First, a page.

In 1992, Sunstar, Inc. ("Sunstar") applied for credit with Thomas & Howard Company ("T & H") to purchase goods on account from T & H, and Robert Puccini personally guaranteed payment on the account ("credit and guaranty agreement"). When Sunstar defaulted on payments, T & H sued Puccini as the personal guarantor under the credit and guaranty agreement. Puccini now appeals from the trial court's grant of summary judgment to T & H. For reasons which follow, we affirm.
Summary judgment is appropriate when the court, viewing all the evidence and drawing reasonable inferences in a light most favorable to the non-movant, concludes that the evidence does not create a triable issue as to each essential element of the case. Lau's Corp. v. Haskins, 261 Ga. 491 (405 SE2d 474) (1991)
. In the instant case, Puccini has stipulated that he executed the credit and guaranty agreement which contains a handwritten notation that Sunstar's account would be handled on a C.O.D. basis. Puccini and T & H further stipulated that in accordance with the credit and guaranty agreement, "the account was handled on a C.O.D. basis until [T & H] elected to modify the agreement and not ship 'C.O.D.-CHECK WITH/ DELIVER' starting in August of 1995." Puccini contends that he "intended to only guaranty a COD account[,]" and that the trial court erred in failing to consider the handwritten payment terms. We disagree.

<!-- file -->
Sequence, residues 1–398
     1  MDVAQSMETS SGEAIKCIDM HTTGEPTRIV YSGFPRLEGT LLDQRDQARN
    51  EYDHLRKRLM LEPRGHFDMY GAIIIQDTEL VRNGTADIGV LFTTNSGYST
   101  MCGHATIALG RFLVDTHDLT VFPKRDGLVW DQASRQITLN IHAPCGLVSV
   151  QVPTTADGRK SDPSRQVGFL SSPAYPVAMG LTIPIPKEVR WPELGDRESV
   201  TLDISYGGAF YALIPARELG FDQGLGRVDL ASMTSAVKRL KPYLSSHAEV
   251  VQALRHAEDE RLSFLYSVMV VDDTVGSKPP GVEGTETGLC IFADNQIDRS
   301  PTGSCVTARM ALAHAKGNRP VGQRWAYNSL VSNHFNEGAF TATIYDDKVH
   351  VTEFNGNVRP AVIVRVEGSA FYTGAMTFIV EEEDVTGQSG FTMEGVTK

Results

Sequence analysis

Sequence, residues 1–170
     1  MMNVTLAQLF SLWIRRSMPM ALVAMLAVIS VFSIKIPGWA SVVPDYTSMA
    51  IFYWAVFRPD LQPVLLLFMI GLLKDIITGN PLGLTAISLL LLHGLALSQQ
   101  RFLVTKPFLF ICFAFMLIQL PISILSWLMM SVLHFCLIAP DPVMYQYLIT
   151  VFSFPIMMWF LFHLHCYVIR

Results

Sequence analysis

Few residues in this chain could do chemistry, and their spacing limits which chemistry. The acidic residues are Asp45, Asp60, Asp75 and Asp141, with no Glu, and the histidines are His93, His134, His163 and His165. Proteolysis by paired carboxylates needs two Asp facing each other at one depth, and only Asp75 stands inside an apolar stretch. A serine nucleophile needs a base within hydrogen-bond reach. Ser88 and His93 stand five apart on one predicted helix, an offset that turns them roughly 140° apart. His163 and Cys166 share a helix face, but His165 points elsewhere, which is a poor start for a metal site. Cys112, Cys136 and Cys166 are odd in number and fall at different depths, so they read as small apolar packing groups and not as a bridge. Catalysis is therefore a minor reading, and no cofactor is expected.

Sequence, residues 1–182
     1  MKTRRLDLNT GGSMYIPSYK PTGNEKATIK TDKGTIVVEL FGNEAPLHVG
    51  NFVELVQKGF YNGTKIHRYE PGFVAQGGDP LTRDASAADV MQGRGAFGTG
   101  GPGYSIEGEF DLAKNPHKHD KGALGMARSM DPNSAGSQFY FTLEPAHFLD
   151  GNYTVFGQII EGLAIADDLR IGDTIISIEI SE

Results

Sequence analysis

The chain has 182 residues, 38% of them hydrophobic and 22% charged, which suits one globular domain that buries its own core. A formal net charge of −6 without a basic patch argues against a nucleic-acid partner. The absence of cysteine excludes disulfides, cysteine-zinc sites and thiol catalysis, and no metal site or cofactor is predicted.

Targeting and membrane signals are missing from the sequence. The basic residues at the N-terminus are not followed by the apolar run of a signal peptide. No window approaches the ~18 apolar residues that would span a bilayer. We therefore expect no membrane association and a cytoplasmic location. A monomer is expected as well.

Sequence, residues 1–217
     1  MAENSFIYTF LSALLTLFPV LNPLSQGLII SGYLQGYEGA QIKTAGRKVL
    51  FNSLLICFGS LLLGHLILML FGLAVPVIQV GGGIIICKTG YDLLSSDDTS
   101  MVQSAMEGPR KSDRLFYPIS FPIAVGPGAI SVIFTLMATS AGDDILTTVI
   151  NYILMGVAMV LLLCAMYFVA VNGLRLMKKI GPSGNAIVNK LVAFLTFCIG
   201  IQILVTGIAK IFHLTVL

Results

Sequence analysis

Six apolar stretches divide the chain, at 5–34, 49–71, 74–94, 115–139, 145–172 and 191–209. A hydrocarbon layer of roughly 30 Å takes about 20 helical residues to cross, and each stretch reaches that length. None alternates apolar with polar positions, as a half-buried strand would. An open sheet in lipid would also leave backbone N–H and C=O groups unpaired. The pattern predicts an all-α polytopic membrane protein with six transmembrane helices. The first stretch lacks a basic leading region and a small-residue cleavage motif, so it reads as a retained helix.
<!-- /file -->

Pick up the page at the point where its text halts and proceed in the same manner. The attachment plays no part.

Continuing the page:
"No construction of a contract is required or even permissible when the language employed by the parties in their contract is plain, unambiguous, and capable of only one reasonable interpretation, and in such instances the language used must be afforded its literal meaning and plain ordinary words must be given their usual significance." (Citations and punctuation omitted; emphasis in original.) Remler v. Coastal Bank, 179 Ga. App. 25
, 27 (345 SE2d 79
) (1986). In this case, the plain language of the credit and guaranty agreement authorized T & H to change the payment terms without affecting Puccini's liability under the guaranty provisions of the agreement. Specifically, the guaranty language provided for a continuing guaranty and that Puccini authorized T & H to "change the manner or terms of payment" at any time without notice to Puccini, and that such change in payment terms "shall not in any way release [Puccini] from or reduce [his] liability on this guaranty." Accordingly, although the parties originally agreed to C.O.D. payment terms, they also agreed that T & H could change those terms without affecting Puccini's liability as guarantor. Thus, Puccini is liable as a matter of law for the amounts Sunstar owes to T & H, and the trial court did not err in granting T & H summary judgment. See id.; Johnson Drilling Co. v. Bank of the South, 186 Ga. App. 162
, 163 (367 SE2d 559
Tammy L. Bowen, for appellee.